The second new mechanic is complete analog batting. The idea is that you use the left analog stick to locate your swing, and the right stick to time it. Since you have to pull the right stick down to set your front foot and then push forward to swing at the right moment, as well as locate the ball at the same time with the left stick, there is a HUGE learning curve. Even though I admittedly haven’t used it much yet, I’m going to come right out and say that I don’t really like it. It feels cumbersome and slow. The target that shows where your bat will make contact is obtrusive, often obscuring the ball as it comes in at you. It also has a spring return. Meaning that if you let go of the stick, it bounces back to center so you have to hold the left stick steady as you move the right to swing. It’s all just too much too soon.

That’s not to say it won’t feel much better with more practice, but as a new feature it has the feel of something meant for only very skilled players. Some people just want to play baseball.

For those people not interested in being the best at moving analog sticks, you have the option of using the older batting methods from previous versions of the game so you aren’t forced to even look at the new stuff if you just want to play the way you are used to.

Forced into retirement.

I’m a little disappointed that I can’t carry over my RTTS player from 2010. I know it’s a bit much to ask, and maybe you can do it if you have the 2011 game, but there’s still a feeling of loss there. I’m five seasons into my career on that game and in the middle of my first season at the MLB level and I just have to start over. It’s a shame, but I’ll get over it.

Want to hear something else that could fit the above tagline? Muting Eric Karros is almost a requirement. That guy has all the personality of a lobotomized brick in a coma, not to mention he says things that the guy he replaced last season used to say in the 2010 version of the game. What the fuck? Luckily, as I stated, you can mute any of the three commentators if you so choose. Crisis averted.

What do you mean I don’t have to work the bullpen?

I’m pretty sure (maybe 80%) this was included in the 2011 game, but I’m not enamored with the idea that you pitch your first game in AA as a starter. I liked how you had to earn a start in RTTS 2010. Being a starter right out of the gate has the advantage of speeding up your time in the minors, but it also has the disadvantage of taking away the feeling of accomplishment when you’re awarded with a spot in the starting rotation, even if it is just to keep it warm for an injured player. I’ll miss that feeling to be sure, but in the grand scheme of things it makes little difference to the game.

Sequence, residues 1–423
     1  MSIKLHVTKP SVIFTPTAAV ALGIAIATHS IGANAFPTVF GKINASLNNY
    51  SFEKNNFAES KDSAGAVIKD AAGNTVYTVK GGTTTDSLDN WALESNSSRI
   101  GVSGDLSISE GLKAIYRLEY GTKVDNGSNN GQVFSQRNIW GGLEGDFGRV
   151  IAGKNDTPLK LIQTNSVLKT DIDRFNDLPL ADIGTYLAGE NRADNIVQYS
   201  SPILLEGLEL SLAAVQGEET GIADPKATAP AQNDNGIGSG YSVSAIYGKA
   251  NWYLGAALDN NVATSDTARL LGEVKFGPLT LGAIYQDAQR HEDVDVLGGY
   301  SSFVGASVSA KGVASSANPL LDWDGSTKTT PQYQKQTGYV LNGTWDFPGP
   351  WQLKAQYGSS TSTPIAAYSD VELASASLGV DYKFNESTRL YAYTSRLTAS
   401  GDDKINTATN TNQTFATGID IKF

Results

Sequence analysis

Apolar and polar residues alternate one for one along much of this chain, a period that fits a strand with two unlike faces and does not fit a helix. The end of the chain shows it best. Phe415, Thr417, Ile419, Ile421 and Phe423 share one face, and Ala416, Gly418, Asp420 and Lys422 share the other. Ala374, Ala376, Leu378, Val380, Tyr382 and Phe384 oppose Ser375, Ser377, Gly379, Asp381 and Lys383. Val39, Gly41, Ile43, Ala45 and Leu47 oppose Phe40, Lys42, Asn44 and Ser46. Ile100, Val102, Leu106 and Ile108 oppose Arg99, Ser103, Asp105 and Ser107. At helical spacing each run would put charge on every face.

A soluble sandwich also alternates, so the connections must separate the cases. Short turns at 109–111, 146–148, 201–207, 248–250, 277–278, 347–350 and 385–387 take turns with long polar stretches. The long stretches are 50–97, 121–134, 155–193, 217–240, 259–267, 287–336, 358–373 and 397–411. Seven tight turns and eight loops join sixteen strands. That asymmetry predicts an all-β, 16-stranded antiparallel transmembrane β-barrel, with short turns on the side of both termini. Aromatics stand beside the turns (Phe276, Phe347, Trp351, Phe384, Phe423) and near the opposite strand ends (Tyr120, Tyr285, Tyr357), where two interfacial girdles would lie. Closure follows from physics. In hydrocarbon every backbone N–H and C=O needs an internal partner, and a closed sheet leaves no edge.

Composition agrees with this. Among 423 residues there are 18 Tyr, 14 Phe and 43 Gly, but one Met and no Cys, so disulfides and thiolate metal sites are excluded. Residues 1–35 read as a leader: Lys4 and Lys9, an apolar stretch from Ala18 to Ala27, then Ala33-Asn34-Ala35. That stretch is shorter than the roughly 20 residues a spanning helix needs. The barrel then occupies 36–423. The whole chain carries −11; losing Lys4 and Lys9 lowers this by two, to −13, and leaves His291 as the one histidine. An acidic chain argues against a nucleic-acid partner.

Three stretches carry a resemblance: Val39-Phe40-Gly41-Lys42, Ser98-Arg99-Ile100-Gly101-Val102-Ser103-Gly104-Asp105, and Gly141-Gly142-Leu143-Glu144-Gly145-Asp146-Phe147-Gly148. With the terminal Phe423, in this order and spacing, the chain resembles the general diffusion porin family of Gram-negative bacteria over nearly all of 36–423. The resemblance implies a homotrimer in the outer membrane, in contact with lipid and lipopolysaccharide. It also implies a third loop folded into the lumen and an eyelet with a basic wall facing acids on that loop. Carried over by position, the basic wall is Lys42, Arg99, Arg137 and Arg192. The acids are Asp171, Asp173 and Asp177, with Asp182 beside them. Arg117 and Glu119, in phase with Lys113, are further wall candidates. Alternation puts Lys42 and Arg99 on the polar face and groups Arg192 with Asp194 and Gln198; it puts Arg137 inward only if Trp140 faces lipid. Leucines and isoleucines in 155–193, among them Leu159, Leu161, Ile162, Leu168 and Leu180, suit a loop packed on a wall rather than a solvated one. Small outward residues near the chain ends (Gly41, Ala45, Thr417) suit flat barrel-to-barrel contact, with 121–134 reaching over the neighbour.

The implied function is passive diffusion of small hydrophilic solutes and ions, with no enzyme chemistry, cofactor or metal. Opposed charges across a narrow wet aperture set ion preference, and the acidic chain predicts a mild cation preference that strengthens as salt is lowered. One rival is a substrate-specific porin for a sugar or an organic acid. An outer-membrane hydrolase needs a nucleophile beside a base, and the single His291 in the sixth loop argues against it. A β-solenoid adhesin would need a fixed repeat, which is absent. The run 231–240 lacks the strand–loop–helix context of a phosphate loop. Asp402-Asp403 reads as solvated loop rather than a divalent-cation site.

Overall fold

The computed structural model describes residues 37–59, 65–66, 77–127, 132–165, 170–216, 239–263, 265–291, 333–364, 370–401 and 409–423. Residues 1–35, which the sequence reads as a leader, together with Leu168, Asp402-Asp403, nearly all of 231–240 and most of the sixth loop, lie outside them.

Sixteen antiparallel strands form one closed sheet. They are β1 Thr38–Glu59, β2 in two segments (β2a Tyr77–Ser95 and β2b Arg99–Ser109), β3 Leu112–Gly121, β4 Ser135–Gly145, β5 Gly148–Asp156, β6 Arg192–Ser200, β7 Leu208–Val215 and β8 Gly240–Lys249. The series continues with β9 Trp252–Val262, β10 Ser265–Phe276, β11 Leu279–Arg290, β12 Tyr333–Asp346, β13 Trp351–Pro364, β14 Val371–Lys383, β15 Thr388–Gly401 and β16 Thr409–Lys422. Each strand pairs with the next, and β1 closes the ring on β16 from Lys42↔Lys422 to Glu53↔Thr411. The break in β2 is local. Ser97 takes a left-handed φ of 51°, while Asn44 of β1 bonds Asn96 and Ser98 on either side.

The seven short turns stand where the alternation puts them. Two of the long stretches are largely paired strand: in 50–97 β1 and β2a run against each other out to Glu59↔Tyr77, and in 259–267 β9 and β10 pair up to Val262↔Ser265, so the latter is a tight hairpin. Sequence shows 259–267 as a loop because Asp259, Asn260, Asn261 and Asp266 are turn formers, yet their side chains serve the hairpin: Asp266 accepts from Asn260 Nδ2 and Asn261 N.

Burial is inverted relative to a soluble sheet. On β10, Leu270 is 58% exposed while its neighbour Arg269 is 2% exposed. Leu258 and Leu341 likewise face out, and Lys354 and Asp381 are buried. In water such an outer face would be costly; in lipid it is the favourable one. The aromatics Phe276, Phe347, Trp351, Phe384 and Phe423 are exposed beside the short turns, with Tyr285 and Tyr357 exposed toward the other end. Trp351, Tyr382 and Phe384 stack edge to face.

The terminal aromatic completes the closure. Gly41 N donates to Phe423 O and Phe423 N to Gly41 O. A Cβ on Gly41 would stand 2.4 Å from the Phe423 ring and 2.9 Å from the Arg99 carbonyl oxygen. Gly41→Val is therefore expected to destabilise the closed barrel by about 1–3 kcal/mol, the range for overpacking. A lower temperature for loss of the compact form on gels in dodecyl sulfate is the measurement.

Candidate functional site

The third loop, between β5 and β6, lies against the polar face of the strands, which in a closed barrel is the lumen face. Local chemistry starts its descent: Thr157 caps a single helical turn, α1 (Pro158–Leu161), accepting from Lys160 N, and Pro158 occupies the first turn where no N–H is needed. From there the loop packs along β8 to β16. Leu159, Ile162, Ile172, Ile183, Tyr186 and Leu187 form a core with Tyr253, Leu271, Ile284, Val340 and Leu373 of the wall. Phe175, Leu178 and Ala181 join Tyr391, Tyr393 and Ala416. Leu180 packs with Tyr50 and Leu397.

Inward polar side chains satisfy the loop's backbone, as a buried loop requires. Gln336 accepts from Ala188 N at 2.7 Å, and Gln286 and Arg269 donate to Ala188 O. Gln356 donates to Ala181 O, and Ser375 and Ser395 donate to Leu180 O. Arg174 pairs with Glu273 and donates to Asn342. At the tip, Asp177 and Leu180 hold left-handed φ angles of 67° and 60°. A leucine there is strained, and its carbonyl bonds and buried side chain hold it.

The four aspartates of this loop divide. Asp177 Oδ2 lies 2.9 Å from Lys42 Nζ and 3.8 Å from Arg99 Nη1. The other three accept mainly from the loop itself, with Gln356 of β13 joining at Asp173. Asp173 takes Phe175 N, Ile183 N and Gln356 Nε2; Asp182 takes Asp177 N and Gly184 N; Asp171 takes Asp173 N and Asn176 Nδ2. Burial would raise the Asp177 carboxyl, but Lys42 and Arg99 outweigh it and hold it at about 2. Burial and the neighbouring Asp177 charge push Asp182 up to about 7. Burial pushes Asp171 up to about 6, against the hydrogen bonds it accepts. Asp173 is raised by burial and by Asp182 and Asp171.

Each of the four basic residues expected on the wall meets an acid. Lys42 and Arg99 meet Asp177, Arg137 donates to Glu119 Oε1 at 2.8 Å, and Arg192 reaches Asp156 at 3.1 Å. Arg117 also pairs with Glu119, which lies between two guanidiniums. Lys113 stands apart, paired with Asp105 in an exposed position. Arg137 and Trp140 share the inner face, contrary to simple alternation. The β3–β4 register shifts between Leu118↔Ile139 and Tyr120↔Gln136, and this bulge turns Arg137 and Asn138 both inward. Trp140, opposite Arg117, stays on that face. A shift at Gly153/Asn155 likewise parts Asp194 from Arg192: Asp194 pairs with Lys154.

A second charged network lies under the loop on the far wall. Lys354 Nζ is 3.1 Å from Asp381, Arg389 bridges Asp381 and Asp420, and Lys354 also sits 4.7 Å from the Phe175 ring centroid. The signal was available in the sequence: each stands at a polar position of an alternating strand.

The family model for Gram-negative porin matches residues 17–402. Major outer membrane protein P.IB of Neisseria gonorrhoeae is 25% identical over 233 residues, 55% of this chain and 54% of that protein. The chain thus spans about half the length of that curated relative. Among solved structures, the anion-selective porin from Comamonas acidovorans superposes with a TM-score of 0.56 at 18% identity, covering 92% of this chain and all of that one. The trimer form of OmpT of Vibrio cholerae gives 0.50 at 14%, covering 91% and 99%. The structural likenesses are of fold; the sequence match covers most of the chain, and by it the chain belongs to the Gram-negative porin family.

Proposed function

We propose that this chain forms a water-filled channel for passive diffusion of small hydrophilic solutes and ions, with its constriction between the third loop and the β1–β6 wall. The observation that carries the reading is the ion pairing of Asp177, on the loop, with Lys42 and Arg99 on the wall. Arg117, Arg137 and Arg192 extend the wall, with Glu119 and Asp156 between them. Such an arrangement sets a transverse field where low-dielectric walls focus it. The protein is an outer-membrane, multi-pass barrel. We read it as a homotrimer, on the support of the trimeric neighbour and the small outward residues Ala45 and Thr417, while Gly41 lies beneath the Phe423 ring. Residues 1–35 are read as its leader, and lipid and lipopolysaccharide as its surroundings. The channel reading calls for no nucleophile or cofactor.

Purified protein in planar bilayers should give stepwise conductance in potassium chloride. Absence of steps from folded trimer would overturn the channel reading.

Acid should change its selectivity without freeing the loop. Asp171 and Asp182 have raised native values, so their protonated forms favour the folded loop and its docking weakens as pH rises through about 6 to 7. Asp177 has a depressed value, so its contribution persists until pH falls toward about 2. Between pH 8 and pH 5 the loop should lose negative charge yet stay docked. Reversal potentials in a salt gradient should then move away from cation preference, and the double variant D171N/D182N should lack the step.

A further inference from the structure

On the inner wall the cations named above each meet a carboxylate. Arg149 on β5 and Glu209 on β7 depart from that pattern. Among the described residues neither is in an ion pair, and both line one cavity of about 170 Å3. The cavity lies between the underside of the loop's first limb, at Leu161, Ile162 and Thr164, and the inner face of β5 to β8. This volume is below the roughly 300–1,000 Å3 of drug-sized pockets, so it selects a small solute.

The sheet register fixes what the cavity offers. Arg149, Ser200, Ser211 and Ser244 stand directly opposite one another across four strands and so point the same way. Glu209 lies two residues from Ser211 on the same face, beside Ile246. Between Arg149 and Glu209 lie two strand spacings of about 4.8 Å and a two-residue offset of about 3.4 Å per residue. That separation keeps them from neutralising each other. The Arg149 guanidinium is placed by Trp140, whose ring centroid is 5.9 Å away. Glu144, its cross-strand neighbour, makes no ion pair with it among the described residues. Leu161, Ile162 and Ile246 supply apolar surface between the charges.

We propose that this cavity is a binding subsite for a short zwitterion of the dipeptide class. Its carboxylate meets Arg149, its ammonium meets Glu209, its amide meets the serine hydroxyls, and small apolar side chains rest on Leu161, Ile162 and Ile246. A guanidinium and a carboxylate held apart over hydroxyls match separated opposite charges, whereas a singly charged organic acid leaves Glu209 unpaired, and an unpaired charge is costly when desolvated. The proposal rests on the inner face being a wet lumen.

What it allows you to do is build up stats faster since you are seeing more batters and earning more points per game than you would otherwise. Some people don’t attach themselves to their virtual counterparts like I do. I’m sure other people with even less time than I have are big fans of not being stuck in a relief role for half a season before they are given a start.

Still, this is the only area of real contention I have with the game and it’s only because there’s no option to change it.

What it all comes down to is this.

Our resident stat nerd and baseball superfan, Mauricio Rubio, took a shot at the game while a plumber was fixing my kitchen sink. (NOT a euphemism for sex) It’s important to note that ol’ Rube is a fucking savant, I think he may actually be autistic. The man knows every player in baseball, past or present, and perhaps even future. Within moments of picking a team and starting a game, he was able to compete simply based on his knowledge of baseball. He knew where the pitch was going. Every time. Without ever playing any game in The Show series.

Who cares right?

Fucking wrong. That just goes to show you the amount of detail thrown into this game. Mauricio knows how a pitcher is going to throw at Alfonso Soriano, at what count, what number of outs, with runners at whatever bases and so does the game’s AI. That amount of detail wasn’t put together by no slouch. That takes constant and painstaking research from a team that absolutely loves the game of baseball. That’s why The Show is the best sports simulation in existence. You don’t create a game like this with code and QA testing. You give birth to it. It’s the love child of baseball fans and video game fans coming together in an explosion of statistics and gameplay polish. It wasn’t made for me. It was made for the game of baseball itself.

This has been making the rounds a little, but it’s still great. It really fits the feeling of the game as a whole.